Today after the breakfast we will drive to Tang valley with packed lunch and visit one of the old palaces, which is now a museum. From Jakar, we will drive towards Ura in the east. After about 10kms, unpaved road on the left leads you to narrow gorge of Tang. After the turn off, there is a parking lot for short walk to Mebartso. The road climbs above the river for 7km before the Drangchel village. You will notice the monastic hermitage Kunzangdrak Goemba perched on the rocky cliff. It was founded in 1488 by Terton Pema Lingpa. The excursion to Knzangdrak takes about 2 hrs of steep uphill climb. We will continue along high feeder road for about 3km and pass through Jamzhong village. After short descent for about 2km, you will arrive at Misithang.Short distance away from misithang is a lhakhang known as Tag Rimochen (impression of tiger stripes) now known as Tang Rimochen, located below an enormous rock. Tang Rimochen was founded by Dorji Lingpa in 14th Century. The name of the place was derived from the marks on the rock that resemble tiger’s stripes. It is a sacred place where Guru Rimpoche meditated. The rock has body imprints of Guru Rimpoche and his two consorts. After Tang Rimochen, the road gets rougher till Kizum. From Kizum, we will cross the bridge over Tang Chu and climb up to the hill top of UgyenChholing Palace, built in 16th century by Deb Tsoki Dorji. The palace complex is now a museum for religious studies, research and solitude. The exhibits in the main building depict the life style and art works of a Bhutanese noble family.
Over night in tang valley.
- Trip to Bhutan or Trip to Asia
- Farmer in bhutan ploughing the fied
- Monk learning to play flute I
- Travel to Bhutan (Dochula Pass 3100mts in Bhutan)
- Tour Bhutan (Festival in Bhutan)
- Bumthang Festival
What is the best time to visit Bhutan?
In Bhutan every season has its own charm; as such the country has variety of doings to the tourist according to their interest. But the most visited months are usually March, April and May during which the country is at its best scenery as the spring just hits off and of course in the later months of the year like August, September, October and November. These are the peak seasons as the weather during these time of the years are pleasant and warm and not to forget the festival months. However, Bhutan Creative Tours is focusing to spread out visitation over the year because, come rain or shine, there is something for all parts of the year. The winters are cold, but we have winter treks and festivals in the southern parts of Bhutan,which has warm weather through out the year. A winter in Bhutan is characterized by clear blue skies, but you need your jackets with you.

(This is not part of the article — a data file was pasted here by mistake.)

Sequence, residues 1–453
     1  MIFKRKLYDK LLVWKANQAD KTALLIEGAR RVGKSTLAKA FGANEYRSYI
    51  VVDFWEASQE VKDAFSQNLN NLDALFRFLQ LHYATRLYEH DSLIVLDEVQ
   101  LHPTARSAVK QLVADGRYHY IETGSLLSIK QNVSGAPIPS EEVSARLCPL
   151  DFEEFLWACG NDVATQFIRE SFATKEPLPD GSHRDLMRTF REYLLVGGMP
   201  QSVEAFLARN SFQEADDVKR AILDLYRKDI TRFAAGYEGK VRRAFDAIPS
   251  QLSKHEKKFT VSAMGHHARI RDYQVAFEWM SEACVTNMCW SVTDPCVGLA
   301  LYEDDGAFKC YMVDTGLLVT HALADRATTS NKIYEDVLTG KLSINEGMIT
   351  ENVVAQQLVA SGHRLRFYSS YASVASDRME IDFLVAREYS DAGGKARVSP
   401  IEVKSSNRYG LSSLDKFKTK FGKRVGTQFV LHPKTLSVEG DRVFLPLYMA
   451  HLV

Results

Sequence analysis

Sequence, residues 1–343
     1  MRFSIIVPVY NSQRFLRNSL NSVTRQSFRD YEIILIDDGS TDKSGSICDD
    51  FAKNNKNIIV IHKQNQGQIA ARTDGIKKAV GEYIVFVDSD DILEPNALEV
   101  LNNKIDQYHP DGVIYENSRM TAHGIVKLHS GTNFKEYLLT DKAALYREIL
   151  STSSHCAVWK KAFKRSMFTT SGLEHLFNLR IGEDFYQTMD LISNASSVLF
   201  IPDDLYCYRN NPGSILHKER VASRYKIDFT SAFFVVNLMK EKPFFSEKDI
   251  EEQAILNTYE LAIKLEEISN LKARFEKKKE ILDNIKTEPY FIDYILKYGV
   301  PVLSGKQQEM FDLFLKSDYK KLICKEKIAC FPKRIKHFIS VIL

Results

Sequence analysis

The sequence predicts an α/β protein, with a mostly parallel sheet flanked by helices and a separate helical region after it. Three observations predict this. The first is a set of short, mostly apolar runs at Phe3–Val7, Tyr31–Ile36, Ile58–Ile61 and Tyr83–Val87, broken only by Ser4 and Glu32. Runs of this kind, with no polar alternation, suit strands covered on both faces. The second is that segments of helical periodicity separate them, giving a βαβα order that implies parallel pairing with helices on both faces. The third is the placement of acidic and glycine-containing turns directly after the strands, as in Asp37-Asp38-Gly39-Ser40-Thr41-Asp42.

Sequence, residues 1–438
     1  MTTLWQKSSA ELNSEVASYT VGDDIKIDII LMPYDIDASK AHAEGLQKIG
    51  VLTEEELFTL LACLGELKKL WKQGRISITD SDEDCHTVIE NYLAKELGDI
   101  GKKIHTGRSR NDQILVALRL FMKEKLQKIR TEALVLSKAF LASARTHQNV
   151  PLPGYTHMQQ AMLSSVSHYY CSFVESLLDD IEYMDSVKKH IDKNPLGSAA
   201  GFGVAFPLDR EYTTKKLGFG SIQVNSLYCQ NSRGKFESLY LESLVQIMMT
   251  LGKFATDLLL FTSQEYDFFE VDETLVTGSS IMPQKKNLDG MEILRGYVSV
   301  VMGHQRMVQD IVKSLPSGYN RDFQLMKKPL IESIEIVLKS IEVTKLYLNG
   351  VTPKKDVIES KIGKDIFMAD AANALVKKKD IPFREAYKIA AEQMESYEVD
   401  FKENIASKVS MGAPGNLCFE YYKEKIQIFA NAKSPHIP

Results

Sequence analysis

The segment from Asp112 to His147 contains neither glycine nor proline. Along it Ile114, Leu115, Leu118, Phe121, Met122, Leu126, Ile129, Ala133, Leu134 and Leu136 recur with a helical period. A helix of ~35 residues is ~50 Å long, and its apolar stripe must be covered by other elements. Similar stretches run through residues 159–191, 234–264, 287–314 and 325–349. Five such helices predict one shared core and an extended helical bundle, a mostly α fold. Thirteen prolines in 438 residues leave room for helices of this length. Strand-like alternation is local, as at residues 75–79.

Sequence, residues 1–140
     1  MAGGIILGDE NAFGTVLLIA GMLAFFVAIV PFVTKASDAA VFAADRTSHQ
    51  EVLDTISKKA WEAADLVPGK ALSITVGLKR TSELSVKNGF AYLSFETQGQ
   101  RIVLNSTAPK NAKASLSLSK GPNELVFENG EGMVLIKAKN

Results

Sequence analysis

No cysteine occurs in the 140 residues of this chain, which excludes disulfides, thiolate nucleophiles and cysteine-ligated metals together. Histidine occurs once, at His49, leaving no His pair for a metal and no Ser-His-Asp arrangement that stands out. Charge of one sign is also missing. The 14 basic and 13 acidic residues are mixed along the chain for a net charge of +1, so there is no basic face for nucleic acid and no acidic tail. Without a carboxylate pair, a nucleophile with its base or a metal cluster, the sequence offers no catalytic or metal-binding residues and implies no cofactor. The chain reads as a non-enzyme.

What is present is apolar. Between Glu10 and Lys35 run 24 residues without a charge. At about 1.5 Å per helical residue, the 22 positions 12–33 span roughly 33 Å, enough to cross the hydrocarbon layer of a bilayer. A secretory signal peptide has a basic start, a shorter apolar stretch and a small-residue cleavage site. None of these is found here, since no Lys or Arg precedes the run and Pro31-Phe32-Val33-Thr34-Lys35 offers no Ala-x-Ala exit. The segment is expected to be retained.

Do I need a Visa for Bhutan? How can I obtain a Visa for Bhutan?
All visitors traveling to Bhutan are required to obtain a Visa prior to your arrival to Bhutan, except for Indian nationals holding a valid Indian passport. After your confirmation to visit Bhutan with us, you can just download and fill out the Visa Application form from our website and send it to us. We’ll have the visa confirmation letter processed within 7 working days and send it to you. The Visa Application System used by the national tourism office is designed by our CEO when he was working as the Chief Researcher for the Tourism Council of Bhutan. This makes it very easy for us to leverage visa processing even during the final minutes before your arrival to Bhutan.
What Documents will I require at the Airport when I come to Bhutan?
You will need your Passport which has 6 months validity for its expiry date, Druk Air e-ticket, whether you booked it through us or the Druk air’s website and your Visa confirmation letter which we will send you prior to your arrival in the country. And please to carry a copy of your tour itinerary as well.